Orion Capsule To Rejuvenate NASA’s Space Exploration Efforts

When NASA launched its Apollo missions more than 40 years ago the country stood by with bated breadth as NASA scientists attempted to put a man on the moon. More than 40 years later the space agency is once again beginning to fight in order to keep its lead in the space race and they are doing it with the Orion capsule.

The Orion capsule is part of NASA’s massive Constellation project which will replace NASA’s retired space shuttles, ferrying humans into the deep recesses of space and eventually placing more astronauts on the moon. NASA hopes the Orion capsule will ride a rocket within the next decade and eventually ferry astronauts to Mars for the first time.

Speaking to Fox News NASA Project Manager Chris Johnson says the program will undergo rigorous testing in the Arizona desert:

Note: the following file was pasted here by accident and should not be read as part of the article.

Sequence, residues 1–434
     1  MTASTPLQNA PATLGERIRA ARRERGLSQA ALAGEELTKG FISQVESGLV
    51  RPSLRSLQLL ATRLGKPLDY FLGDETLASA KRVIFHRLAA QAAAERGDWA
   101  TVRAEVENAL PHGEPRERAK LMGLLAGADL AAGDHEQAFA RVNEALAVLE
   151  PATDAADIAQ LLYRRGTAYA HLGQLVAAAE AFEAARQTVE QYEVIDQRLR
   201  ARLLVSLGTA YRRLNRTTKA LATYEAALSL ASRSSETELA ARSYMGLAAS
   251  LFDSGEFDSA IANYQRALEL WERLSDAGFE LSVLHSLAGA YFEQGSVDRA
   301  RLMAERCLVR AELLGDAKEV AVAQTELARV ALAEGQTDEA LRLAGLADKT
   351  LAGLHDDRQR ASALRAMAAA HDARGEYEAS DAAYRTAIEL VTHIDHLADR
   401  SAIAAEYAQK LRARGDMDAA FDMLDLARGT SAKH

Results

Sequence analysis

“We kind of put it through a different type of environment or even failure mode that we want to protect for.”

The main goal at this point is to ensure that the capsule’s parachutes properly operates when dropped from 26,000 feet. NASA engineers want to ensure that the capsule can fall back to earth safely, delivering goods back tot he planet upon completion of a successful trip.

While Orion weighs 20,000 pounds compared to a shuttles average weight of 250,000 pounds it actually offers more space for astronauts than the shuttle offered for its crew.

NASA is set to officially launch an Orion mission in 2014, an unmanned mission that will test the systems ability to reenter Earth’s atmosphere while speeding towards the ground at 20,000 miles per hour. In 2012 if everything goes as planned Orion will carry astronauts into space.

NASA is spending just under $1 billion per year to fund the project.

Here is a video NASA released in 2006 which explains the hopes of the Orion capsule project: